You probably remember that when the UN security council voted on a resolution about Syria last month, Russia and China vetoed it.
But why was it Russia and China, in that order, rather than China and Russia? Perhaps it's time to re-evaluate the nature of the relationship between these two Eastern giants, one post-Communist, and the other -- well, what's the right term -- neo-Communist?
Ever since the end of the Cold War, we've tended to assume that Russia was the dominant one in the Moscow-Beijing partnership. After all, the Russians were used to behaving like a super-power, perfectly happy to play a major role on the world stage.
How different from the Chinese, quiet, diffident even, concentrating on expanding their economy at terrifying speed and keeping the lid firmly on any signs of domestic unrest or dissent.
These days, it's rather different. The Russian foreign policy analyst Dmitri Trenin, director of the Carnegie Moscow Center, calls what's happened a "historical role reversal". As he wrote in an article this week: "In 1979, China's gross domestic product was a mere 40 per cent of that of the Russian republic within the Soviet Union. Nowadays, China's GDP is between four and five times bigger than Russia's."
What's more, he wrote, at the height of the Sino-Soviet confrontation, the Soviet Union was a military superpower and the Chinese People's Liberation Army was doing little more than preparing for a "people's war". Today, China's defence budget is the second largest in the world, far ahead of 5th-placed Russia.
And while we're on the subject of defence budgets, the International Institute for Strategic Studies reported this week that on current trends Asian defence spending is likely, for the first time, to exceed that of Europe during the course of this year.
And yes, Chinese spending makes up a whopping 30 per cent of the regional total, having more than doubled over the past decade. European defence spending, on the other hand, has been sharply cut back.
According to the defence industry consultants IHS Jane’s, by 2015 China will be spending more on defence than the combined total of Nato’s top eight members, excluding the US: that's the UK, France, Germany, Italy, Turkey, Canada, Spain and Poland.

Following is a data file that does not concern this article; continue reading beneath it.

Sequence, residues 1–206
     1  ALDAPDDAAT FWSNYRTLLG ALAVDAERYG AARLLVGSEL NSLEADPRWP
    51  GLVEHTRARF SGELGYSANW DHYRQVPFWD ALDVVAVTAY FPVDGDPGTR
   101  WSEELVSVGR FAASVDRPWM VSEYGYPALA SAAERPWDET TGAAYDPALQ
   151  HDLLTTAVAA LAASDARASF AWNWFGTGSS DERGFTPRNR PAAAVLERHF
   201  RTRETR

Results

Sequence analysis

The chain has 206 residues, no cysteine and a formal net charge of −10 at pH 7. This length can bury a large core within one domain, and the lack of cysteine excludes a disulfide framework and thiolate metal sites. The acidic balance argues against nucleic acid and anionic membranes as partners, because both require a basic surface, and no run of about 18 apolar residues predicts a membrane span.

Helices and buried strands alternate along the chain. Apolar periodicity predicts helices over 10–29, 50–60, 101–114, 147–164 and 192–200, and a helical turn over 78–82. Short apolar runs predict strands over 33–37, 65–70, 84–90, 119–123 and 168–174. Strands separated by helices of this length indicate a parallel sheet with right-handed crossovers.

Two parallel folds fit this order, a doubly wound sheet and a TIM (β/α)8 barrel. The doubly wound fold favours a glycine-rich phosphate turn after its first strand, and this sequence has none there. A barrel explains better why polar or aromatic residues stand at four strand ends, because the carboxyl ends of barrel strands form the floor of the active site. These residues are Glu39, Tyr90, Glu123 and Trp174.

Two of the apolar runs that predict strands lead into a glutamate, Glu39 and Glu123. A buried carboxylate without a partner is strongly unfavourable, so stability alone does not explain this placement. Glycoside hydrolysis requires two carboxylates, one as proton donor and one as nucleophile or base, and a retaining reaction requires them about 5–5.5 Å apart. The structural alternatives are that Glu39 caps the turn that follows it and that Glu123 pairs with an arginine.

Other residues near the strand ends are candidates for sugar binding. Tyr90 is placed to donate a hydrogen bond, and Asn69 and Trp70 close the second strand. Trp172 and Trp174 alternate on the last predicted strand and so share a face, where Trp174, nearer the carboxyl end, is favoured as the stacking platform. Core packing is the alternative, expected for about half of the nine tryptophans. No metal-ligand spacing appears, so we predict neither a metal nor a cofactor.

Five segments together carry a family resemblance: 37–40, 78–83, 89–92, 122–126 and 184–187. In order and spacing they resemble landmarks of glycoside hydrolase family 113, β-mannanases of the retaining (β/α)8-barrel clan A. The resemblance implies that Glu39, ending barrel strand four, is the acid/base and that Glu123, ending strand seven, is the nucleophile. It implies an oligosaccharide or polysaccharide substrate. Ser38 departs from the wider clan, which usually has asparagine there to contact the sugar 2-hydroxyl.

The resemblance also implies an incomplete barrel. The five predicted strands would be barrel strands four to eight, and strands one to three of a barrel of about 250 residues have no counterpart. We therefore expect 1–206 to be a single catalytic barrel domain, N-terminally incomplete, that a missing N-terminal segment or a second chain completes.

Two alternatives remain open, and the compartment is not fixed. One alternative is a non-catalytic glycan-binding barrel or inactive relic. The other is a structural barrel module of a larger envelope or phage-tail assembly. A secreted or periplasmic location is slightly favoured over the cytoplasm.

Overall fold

Now, I wouldn't want you to get this out of proportion. According to the latest available figures, in 2010 the US was still spending nearly six times as much on defence as China -- and more than the next 15 top-spending countries combined (including the UK, France, Russia, India, Brazil and Turkey).
But the trend is clear: China is catching up. And it's interesting to wonder why.
If I were suddenly to invest in a new high fence round my house, with security guards on duty around the clock and an armoury of high-powered weapons on hand in my bedroom, what would you assume?
That I'd developed a bad case of paranoia, or perhaps that I was frightened of my neighbours? Or that I wanted you to sit up and take notice, say to yourself "I'd better not push that Robin around -- he looks as if he means business"?
My hunch is that China has realised that its economic clout can now be parlayed into military clout. It has regional interests that it is determined to protect, and it's prepared to spend some of its newly acquired wealth on purchasing the means with which to protect them.
China, after all, has a proud past as an imperial power (so does Japan, but that's a rather different story). I'm not suggesting that it wants to re-create its imperial past, but it may well be ready to use its regional muscle to get what it wants.
Above all, it needs to keep its fuel supply lines open, as it's now increasingly dependent on oil imported from the Middle East -- and, like the US, it regards guaranteeing energy security as a top national security priority.
And for that, you need modern military hardware, and the technological know-how to keep ahead of the game. China is clearly prepared to pay for both.